Dominic Monaghan wants people to stop worrying about him.
He's certainly not in any danger of running out of interesting places to visit or animals to see for his OLN show "Wild Things With Dominic Monaghan." Because even after two seasons, the actor-turned-nature-show-host's travel wish list is constantly growing. Monaghan doesn't have a death wish either, for anyone concerned he might get himself hurt -- or worse -- by wrangling the show's various dangerous critters or putting himself in the firing range of deadly spitting cobras (like Monaghan does in the "Wild Things" Season 2 premiere).
Still, while listening to fans' travel recommendations, Monaghan is continually having to reassure them that he's not "mental." He just wants to keep taking the show to more interesting, exciting places, while continuing to satisfy his lifelong curiosity with the natural world around him.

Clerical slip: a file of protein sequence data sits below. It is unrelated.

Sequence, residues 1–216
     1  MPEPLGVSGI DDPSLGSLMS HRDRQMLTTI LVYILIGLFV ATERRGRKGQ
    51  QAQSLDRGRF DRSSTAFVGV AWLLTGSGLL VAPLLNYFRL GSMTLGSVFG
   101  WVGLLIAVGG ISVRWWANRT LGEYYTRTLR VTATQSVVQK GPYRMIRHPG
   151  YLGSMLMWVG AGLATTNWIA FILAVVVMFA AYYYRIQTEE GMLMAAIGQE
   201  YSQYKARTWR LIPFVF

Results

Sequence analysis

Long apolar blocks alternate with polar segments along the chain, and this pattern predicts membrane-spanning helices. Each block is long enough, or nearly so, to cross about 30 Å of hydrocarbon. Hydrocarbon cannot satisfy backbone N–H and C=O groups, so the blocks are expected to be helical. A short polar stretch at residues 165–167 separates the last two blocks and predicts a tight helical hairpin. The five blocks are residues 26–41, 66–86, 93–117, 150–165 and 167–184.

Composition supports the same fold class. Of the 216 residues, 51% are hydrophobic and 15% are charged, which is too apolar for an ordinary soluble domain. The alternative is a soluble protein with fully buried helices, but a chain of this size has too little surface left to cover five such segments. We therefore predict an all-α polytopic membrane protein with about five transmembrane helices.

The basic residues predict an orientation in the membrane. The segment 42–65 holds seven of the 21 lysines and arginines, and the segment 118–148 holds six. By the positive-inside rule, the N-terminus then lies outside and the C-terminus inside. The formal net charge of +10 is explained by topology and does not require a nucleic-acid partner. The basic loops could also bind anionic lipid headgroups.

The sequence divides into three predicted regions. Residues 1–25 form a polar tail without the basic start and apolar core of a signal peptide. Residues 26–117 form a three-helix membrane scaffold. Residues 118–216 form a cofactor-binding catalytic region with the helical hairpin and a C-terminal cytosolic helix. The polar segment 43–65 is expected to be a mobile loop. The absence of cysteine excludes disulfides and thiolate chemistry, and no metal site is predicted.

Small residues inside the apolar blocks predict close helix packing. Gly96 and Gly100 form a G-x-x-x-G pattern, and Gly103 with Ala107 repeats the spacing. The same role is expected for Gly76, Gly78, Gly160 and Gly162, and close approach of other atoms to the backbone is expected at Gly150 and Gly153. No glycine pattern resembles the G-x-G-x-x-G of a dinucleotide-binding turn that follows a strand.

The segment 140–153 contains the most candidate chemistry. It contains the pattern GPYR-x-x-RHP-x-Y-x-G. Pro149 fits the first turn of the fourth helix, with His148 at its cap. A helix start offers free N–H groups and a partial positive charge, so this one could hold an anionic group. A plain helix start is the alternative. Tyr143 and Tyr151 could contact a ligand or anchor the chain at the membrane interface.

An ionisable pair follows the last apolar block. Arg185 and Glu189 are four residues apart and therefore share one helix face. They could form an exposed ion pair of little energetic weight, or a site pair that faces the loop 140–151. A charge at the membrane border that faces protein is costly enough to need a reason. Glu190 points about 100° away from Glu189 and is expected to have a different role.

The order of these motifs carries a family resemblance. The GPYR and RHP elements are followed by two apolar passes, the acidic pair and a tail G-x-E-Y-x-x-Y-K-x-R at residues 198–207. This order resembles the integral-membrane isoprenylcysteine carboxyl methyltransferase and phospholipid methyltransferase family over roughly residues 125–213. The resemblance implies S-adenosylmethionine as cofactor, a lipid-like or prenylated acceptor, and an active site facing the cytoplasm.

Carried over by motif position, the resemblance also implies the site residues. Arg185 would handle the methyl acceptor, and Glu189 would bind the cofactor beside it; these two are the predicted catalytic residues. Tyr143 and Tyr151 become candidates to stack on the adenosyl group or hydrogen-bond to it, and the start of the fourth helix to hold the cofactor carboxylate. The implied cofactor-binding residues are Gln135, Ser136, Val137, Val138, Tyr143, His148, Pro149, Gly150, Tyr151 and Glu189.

So, with Season 2 of "Wild Things" premiering on OLN on March 25, HuffPost TV Canada sat down with Monaghan to talk about all the amazing places and animals he's seen so far, getting to return to the Shire with a "Lord of the Rings" co-star this season, and what's still left on his seemingly never-ending bucket list.
HuffPost TV Canada: So I got to see the Season 2 premiere with the Kenyan giant spitting cobra. There were some pretty intense moments in there. I was cringing for you...
Dominic Monaghan: [Laughs] Oh, nice!
Who finds this show harder to watch when you're doing something potentially dangerous--- like encouraging a giant cobra to spit venom at your face -- your fellow producers or your family?